Author:Nadine Levin (UCLA)
Paper short abstract:
This paper considers the history of data analysis algorithms in the metabolomics software XCMS Online, a cloud-based platform developed in 2012 for the analysis of mass spectrometry data. These algorithms form the backbone of 21st century big data analytics, but have a history dating back to the 1970s.
Paper long abstract:
Over the last decade, the size of post-genomic datasets has grown exponentially, presenting challenges with the interpretation of data into biological knowledge. Metabolomics, the "omics" study of metabolism, typifies these challenges because of the complexity of metabolism, which—unlike genes—changes in relation to diet, environment, and disease. To cope with these challenges, researchers have developed various pieces of in-house software, which aid in data standardization, analysis, and organization.
Drawing on 18 months of ethnographic fieldwork with metabolomics researchers, this paper discusses XCMS Online, a cloud-based software used for mass-spectrometry data analysis. Developed in 2012 at the Scripps Research Institute, and from an open source R project that began in 2006, this paper considers the history of the multivariate statistical algorithms that are encapsulated within XCMS Online, and which enable researchers to parse the complexity of metabolic data. I show how multivariate statistics (like Principal Components Analysis)—which now form the backbone of many of the algorithms used in "machine learning" and "big data analytics"—trace their origins in metabolomics to the hybrid field of "chemometrics" in the 1970s.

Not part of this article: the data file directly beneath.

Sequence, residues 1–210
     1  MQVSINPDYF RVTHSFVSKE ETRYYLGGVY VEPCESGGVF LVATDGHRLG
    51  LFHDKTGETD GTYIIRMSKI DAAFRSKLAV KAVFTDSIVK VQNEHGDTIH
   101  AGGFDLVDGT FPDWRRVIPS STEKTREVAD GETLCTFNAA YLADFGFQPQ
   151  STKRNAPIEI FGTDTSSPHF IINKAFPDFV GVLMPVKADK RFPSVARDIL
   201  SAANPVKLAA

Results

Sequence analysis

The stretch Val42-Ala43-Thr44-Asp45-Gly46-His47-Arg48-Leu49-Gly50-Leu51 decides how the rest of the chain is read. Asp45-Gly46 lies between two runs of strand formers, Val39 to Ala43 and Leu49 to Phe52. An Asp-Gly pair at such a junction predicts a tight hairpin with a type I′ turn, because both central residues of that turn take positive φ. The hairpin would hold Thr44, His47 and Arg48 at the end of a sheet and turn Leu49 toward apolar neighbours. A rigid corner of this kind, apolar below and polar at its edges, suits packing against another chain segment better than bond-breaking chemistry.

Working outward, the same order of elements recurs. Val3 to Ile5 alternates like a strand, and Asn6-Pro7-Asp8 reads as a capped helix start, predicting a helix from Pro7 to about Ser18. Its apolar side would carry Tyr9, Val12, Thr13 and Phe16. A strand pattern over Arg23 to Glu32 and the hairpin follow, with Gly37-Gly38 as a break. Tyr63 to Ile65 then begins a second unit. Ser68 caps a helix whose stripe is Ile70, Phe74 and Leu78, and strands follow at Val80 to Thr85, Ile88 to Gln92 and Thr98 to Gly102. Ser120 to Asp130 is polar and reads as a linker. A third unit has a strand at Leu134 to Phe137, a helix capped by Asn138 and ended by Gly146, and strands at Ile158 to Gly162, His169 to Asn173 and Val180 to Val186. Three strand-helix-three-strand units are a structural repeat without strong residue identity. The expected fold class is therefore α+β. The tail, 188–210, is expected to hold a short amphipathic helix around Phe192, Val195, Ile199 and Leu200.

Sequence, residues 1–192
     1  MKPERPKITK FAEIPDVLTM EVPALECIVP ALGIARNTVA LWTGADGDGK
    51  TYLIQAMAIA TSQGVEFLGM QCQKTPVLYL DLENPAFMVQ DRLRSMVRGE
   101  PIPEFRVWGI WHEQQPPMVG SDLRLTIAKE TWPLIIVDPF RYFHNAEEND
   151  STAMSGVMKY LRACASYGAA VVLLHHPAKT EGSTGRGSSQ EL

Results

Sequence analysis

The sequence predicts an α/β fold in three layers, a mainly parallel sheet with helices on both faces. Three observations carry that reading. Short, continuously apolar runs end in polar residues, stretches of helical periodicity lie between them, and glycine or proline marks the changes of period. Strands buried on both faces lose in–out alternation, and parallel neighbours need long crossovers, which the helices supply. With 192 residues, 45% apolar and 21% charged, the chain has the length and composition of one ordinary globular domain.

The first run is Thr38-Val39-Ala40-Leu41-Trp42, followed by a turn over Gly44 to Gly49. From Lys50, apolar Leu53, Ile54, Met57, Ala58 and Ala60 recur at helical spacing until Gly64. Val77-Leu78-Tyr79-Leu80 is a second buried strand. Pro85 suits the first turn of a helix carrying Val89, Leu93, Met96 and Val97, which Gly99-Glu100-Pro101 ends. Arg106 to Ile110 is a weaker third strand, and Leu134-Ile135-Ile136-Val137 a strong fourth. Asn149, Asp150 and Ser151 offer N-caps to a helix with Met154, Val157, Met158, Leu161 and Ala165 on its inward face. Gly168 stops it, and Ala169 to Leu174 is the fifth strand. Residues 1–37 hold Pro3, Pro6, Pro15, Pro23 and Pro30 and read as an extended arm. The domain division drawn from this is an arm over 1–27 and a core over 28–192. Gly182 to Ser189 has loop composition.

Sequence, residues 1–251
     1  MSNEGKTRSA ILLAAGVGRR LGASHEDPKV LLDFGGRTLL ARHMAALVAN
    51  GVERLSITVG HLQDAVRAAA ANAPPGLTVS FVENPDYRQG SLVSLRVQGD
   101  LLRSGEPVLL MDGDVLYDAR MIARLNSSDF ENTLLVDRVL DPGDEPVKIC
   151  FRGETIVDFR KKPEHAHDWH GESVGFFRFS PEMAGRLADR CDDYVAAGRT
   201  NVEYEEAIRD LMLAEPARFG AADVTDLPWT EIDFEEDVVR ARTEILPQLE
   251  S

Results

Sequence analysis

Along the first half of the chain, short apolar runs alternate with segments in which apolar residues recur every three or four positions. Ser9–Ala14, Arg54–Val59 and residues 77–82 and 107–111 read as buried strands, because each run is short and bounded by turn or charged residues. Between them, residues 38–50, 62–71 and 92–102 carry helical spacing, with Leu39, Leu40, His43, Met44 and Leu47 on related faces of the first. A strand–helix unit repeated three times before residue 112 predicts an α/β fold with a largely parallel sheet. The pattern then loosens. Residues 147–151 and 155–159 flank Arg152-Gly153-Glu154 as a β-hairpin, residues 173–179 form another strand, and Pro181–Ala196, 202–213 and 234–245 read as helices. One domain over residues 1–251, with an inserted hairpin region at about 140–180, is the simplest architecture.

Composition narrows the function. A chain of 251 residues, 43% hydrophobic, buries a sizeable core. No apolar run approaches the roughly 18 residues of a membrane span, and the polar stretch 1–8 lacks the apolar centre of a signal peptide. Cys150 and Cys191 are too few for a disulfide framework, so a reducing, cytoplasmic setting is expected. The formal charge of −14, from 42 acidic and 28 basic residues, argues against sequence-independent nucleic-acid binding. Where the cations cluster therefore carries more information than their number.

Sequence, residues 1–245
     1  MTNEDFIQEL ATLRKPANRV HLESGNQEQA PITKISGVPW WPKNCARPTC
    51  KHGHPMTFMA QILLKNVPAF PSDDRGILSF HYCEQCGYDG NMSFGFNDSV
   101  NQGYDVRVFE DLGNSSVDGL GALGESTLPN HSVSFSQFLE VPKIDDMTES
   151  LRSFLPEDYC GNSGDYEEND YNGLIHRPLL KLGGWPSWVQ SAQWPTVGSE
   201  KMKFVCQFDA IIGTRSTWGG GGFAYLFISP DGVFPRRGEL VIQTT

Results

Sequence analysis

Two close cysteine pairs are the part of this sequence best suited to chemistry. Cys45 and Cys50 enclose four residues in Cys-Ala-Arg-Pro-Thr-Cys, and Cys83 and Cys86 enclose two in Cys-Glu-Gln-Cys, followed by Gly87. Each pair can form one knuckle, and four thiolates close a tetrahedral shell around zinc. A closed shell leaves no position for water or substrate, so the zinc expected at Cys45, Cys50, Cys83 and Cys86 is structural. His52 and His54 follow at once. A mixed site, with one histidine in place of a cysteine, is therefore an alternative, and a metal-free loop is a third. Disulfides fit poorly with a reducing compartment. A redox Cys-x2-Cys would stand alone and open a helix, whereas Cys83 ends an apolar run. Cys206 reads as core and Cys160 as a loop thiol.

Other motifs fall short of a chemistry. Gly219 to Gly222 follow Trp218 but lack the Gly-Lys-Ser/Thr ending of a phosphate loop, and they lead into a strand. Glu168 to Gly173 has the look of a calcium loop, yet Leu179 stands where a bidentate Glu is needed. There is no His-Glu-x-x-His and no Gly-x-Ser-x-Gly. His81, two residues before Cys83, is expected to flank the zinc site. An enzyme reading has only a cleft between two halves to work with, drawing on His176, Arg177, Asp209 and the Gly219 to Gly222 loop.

The paper argues that multivariate statistics enable metabolomics researchers to envision metabolism as a complex problem space. It also argues that more recently, researchers have reconsidered the value of "simple" univariate statistics, in attempts to make sense of metabolic complexity. Overall, this paper contributes to STS by examining the material practices underlying so-called "big data", and also the social and historical forces that have shaped the technical practices of data-intensive science.
Soft Focus: How Software Reshaped Technical Vision and Practice